One of the most popular questions we field here at Audio Designs and Custom Graphics revolves around amplifier rating and all the misinformation that goes along with it. So we thought we would share some real world facts with you to help you in making a more informed decision when it comes to buying a car audio amplifier.
First and foremost, there are no “wattage police” out there to keep manufacturer’s honest. If Brand X wants to claim that their amplifier puts out 3000 watts when in reality it can only produce 300 watts, then no one is stopping them. That is the sad reality of the budget brands in car audio. What is so interesting here is that the top brands actually do some reverse marketing compared to the cheap brands in that they put conservative ratings on their amplifiers so they will actually outperform them. It is very common for a 1000 watt amplifier from a reputable company to put out 1150-1300 watts. What a far cry from the cheap brands.
So that all sounds good, but are there some signs that can indicate an amps real output potential? Great question. Here are some simple things to look for in an amplifier:
Fusing Is Key To Amplifier Rating
What is the total fuse rating on the amp itself? If an amp says it produces 3000 watts of power and it is a traditional A/B design, it’s maximum efficiency would be 60%. Let’s do some simple physics here (sorry for the math lesson… It’s important!)
Amp power = input voltage X current draw X amp efficiency
So if a normal car amp sees around 13.5 volts when the vehicle is running we know the input voltage is 13.5. We know the best efficiency a class A/B amp can have is 60%. And we know we want to get to amp power of 3000 watts. So….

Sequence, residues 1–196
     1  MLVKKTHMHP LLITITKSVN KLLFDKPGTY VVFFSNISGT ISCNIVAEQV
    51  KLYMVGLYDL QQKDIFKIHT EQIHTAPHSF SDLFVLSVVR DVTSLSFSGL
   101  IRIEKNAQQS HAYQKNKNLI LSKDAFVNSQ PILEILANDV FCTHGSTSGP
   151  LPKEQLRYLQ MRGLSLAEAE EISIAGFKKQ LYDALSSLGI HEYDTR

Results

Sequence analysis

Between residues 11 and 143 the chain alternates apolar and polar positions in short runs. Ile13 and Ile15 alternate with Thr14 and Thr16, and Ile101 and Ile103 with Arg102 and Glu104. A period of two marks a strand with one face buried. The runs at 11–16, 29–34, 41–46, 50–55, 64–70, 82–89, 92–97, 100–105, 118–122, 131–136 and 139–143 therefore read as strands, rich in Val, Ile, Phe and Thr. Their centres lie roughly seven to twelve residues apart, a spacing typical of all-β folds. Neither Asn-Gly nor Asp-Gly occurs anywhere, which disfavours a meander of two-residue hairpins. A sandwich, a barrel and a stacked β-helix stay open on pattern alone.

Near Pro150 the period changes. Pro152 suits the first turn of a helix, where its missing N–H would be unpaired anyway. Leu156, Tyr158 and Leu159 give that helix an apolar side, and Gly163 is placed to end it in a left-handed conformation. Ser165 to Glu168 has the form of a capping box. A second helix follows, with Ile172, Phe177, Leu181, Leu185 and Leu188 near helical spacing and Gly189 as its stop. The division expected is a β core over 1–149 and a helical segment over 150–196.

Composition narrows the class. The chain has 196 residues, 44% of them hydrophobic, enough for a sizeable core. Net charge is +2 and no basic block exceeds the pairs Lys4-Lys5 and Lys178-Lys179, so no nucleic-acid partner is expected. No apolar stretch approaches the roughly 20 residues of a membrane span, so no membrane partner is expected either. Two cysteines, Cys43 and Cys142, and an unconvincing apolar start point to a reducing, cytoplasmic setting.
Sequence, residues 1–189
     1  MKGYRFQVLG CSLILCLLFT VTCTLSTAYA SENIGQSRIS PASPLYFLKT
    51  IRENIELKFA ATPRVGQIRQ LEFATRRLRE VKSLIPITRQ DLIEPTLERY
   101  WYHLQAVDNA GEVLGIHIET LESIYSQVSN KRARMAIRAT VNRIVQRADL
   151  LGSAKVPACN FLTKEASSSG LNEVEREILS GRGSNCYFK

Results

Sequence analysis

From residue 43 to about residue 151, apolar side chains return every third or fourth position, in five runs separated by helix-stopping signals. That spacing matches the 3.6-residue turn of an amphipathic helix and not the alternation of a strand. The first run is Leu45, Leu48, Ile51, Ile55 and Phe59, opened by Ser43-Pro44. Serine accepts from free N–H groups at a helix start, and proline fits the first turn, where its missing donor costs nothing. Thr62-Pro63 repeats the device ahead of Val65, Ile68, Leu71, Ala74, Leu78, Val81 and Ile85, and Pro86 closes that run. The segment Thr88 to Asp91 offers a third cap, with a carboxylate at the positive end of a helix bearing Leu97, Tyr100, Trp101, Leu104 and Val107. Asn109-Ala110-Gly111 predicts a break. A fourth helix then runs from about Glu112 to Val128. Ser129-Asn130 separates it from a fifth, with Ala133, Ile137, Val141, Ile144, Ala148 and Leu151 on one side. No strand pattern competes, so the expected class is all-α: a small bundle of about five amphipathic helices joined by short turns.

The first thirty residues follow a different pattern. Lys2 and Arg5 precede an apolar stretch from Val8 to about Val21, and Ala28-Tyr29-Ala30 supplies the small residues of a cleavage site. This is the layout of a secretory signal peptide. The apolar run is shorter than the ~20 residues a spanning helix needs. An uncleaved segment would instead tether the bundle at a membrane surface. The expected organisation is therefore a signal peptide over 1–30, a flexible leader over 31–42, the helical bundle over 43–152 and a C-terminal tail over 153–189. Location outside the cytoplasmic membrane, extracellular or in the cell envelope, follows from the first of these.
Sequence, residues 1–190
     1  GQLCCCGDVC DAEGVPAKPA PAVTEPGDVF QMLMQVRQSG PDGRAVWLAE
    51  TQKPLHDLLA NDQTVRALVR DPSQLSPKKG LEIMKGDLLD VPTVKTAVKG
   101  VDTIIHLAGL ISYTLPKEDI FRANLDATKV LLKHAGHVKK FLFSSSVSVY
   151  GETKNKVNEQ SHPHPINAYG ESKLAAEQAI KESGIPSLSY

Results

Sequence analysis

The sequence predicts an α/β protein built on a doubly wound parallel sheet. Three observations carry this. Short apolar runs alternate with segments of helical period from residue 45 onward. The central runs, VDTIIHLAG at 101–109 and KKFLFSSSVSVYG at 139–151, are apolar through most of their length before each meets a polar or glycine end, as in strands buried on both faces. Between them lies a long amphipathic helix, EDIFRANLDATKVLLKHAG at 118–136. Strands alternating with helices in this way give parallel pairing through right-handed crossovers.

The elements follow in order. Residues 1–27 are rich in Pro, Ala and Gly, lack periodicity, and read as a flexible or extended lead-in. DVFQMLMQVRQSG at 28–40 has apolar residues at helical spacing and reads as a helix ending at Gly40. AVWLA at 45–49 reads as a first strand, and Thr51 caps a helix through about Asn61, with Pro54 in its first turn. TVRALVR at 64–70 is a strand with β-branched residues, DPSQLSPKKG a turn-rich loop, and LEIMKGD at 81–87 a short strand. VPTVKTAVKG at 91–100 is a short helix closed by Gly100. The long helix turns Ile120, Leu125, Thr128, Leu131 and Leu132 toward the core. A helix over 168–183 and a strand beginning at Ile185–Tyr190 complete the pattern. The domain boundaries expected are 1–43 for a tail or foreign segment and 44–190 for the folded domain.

3000 = 13.5 X 370.4 X .60
Whoa, that 3000 watt amp you can buy for $149 needs 370.4 amps of current to make 3000 watts. But wait, it only had a 25 amp fuse in it. What am I missing? Well…let’s run the formula again:
13.5 volts X 25 amps X .60 efficiency = 202.5 watts. In simple terms, you are not getting what you paid for. And that is why it was too good to be true.
Look for a CEA Rating on the amplifier. CEA stands for Consumer Electronics Association, and if it has a CEA Rating for amp power, it is a reasonably good way to compare amp output between two amplifiers. One important note here is that many amps will put out significantly higher power when the amp sees a lower impedance, or load. We will gladly explain that for you if you stop by the store.
Wattage is only one amplifier rating metric and is surely not the end all. What drives a speaker is voltage, not wattage. And it is possible to have three different amplifiers rated at 500 watts that will vary in their total output voltage capability. What does that mean to me? The higher the output voltage, the louder your system will play (all else being equal).
What is really important? Size, Power and Reliability
In the end, what we feel is most important when choosing an amplifier is the following: size, power, and reliability. If the amp will not fit where you need to mount it, then that amp is out. Will the amplifier reasonably power the speakers that best fit my needs? If so, then good. And most importantly, how reliable is the amplifier? Will it play for years to come and not overheat or go into protection mode and shut down?
Stop in and we will show you more!
We invite you to stop by Audio Designs and Custom Graphics in Jacksonville. We will be glad to elaborate on any of these topics and will gladly show you what we feel are the best sounding, most reliable amplifiers for your dollar. We like to think what makes us different is that we do not use a one size fits all template for our audio systems, but rather look at every customer and every vehicle differently, and we custom design and install the best solution for each person’s unique needs. Stop in, give us a call or Contact Us today!